Last Updated on August 31, 2021 by Guillermina
Many hummingbird lovers feel enthusiastic enticing these fascinating birds to their yard as their season approaches. One way to attract them is to put out hummingbird feeders. This is why it’s important you know when do you put out hummingbird feeders.
However, there isn’t an exact or accurate date to decide when to put out your feeders. But we can give you a general suggestion or an estimate to guide you.
Let’s dive in and discuss when do you put out your hummingbird feeders. We will as well be discussing when to take down your hummingbird feeders and many more. So, continue reading to learn some information on this.
What Time Of Year Do You Put Out Hummingbird Feeders?
When to put out your hummingbird feeders varies from location to location. However, the general guide has estimated this to be around spring.
You can do some extra research by finding out the appropriate and closer period to put out your hummingbird feeders in your region. You can research the previous year’s dates and match them to the current year to get a precise estimate.
But let’s give you some extra tips to guide you on the best time to put out your hummingbird feeders in spring.
Best Time To Put Out Hummingbird Feeders In Spring
Because hummingbirds may arrive earlier than we think they should, we recommend putting feeders out earlier. These remarkable birds will arrive at different latitudes and different elevations and this depends on the average temperature of that particular year.
There are also some environmental signs you will notice for you to decide when to display your feeders. For instance, signs such as the first wildflowers budding along the river bottoms. Also, when you notice the early daffodils blooming, and when ornamental flowers cherries bloom first, you can put out your feeders.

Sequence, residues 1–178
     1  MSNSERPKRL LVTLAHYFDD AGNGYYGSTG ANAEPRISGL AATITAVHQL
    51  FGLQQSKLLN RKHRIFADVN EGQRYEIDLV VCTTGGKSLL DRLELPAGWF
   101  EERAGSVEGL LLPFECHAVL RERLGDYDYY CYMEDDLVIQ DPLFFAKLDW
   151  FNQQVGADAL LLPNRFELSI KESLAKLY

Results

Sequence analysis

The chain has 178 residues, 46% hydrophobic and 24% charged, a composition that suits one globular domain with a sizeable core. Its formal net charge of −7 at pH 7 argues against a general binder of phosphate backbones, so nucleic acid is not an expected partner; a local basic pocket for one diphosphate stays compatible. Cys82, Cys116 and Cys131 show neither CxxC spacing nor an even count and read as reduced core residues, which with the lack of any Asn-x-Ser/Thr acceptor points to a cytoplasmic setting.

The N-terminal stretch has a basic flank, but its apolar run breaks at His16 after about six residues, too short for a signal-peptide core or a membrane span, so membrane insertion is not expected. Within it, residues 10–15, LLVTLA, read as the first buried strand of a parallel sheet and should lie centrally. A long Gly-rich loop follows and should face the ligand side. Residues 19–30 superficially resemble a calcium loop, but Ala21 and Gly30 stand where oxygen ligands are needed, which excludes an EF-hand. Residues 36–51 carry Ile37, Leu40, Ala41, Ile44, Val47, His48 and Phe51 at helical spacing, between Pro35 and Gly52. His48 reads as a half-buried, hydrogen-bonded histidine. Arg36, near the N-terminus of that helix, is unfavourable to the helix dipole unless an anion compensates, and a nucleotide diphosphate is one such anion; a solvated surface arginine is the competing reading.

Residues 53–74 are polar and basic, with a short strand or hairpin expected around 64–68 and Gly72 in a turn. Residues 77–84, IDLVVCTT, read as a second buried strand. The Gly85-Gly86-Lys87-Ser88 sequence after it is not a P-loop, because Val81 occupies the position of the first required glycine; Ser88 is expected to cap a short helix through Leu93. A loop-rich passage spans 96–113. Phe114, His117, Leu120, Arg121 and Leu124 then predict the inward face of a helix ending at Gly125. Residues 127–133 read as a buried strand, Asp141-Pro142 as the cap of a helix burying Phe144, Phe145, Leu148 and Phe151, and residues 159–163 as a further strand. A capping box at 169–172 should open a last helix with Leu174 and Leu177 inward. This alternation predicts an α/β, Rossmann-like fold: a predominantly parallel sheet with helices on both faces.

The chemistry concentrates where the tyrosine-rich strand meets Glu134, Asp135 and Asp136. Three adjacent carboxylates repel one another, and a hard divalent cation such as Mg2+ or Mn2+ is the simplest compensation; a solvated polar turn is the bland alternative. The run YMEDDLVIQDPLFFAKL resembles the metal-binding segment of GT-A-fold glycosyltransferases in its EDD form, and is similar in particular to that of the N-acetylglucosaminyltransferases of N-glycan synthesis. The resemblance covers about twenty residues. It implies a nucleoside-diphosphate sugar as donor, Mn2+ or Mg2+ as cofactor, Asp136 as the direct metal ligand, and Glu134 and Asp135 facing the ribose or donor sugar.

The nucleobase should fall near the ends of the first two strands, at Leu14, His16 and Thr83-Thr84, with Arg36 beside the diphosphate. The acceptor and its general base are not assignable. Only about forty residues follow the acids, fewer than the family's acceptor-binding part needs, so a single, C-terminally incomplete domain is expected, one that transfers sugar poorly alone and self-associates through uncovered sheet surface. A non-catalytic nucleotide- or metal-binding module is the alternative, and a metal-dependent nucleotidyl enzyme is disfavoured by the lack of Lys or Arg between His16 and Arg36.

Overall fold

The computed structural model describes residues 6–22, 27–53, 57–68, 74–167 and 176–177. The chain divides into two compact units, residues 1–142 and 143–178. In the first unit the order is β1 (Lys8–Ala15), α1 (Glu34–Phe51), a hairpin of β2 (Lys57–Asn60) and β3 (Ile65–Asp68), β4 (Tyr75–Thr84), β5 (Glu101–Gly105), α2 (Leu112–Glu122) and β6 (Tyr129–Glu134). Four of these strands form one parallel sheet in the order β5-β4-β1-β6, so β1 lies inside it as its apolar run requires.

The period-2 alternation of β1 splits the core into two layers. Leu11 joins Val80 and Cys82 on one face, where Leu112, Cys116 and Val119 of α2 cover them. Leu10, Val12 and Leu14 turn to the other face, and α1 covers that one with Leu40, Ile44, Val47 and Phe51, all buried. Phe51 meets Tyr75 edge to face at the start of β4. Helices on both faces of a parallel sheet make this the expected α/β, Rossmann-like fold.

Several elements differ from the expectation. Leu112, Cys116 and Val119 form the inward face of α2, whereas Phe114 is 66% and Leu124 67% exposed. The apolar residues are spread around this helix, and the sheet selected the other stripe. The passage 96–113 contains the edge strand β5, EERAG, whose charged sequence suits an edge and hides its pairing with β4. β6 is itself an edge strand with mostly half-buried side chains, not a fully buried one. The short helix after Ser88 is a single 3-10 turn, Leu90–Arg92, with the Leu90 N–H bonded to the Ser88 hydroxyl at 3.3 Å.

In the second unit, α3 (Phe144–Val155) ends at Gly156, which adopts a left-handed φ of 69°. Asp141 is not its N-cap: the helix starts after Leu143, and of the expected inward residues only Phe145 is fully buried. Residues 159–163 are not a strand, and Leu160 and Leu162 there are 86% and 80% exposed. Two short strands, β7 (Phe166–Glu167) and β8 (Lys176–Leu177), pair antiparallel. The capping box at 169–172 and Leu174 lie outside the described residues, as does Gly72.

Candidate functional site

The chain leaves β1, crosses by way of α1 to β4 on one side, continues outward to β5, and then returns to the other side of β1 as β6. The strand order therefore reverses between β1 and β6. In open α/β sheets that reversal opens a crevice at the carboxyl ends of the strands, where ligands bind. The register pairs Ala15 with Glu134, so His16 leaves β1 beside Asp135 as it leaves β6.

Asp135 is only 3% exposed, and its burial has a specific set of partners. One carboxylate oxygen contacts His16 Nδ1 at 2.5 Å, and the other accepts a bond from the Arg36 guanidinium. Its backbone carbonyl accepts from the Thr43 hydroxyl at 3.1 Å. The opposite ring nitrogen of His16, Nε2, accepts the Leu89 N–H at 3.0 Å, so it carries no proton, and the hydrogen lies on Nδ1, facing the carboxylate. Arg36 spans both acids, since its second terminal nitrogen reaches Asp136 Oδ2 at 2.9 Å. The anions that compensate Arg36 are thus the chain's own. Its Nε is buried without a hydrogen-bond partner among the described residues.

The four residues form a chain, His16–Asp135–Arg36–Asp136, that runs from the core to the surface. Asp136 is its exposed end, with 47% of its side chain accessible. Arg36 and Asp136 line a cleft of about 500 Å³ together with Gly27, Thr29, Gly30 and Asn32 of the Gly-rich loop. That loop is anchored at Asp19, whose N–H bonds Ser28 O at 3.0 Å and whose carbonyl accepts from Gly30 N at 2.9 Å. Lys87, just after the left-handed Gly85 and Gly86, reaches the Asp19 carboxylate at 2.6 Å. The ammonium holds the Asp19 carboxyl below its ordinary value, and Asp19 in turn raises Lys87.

However, don’t be deceived, these birds can arrive even much earlier than predicted. For instance, mild winter and a warmer spring that encourages flowers to bloom earlier can encourage these hummers to earlier than expected.
On the other hand, other environmental conditions such as hard winter or storms can as well delay their arrival a bit. But weather conditions won’t affect their migration for more than a couple of days. Generally, what triggers their migration instinct is the amount of daylight and light levels.
But generally, we can say March is the month to put up your feeder. In the southern region where hummingbirds arrive earlier, you can do early March. Then for further north regions, the end of March is fine to display your hummingbird feeder.
However, the dates may vary for other regions. Let’s take a look at some regions and their hummingbird seasons.
Putting Out Feeders According To Where You Live:
As we mentioned: where you reside matters when it comes to deciding when to put out your hummingbird feeders. So, here are some different locations in the United States and estimated periods to put out your feeder:
- If you reside in the southern part of the country, we recommend you put out your feeders around mid-March.
- If you reside along the Gulf coast, you can put the feeders out in late February or early March.
- For residence of Indiana, Ohio, and Illinois, mid-April is fine. Then towards the end of April, the hummingbird will migrate or arrive as far north as the great lakes and in the New England states.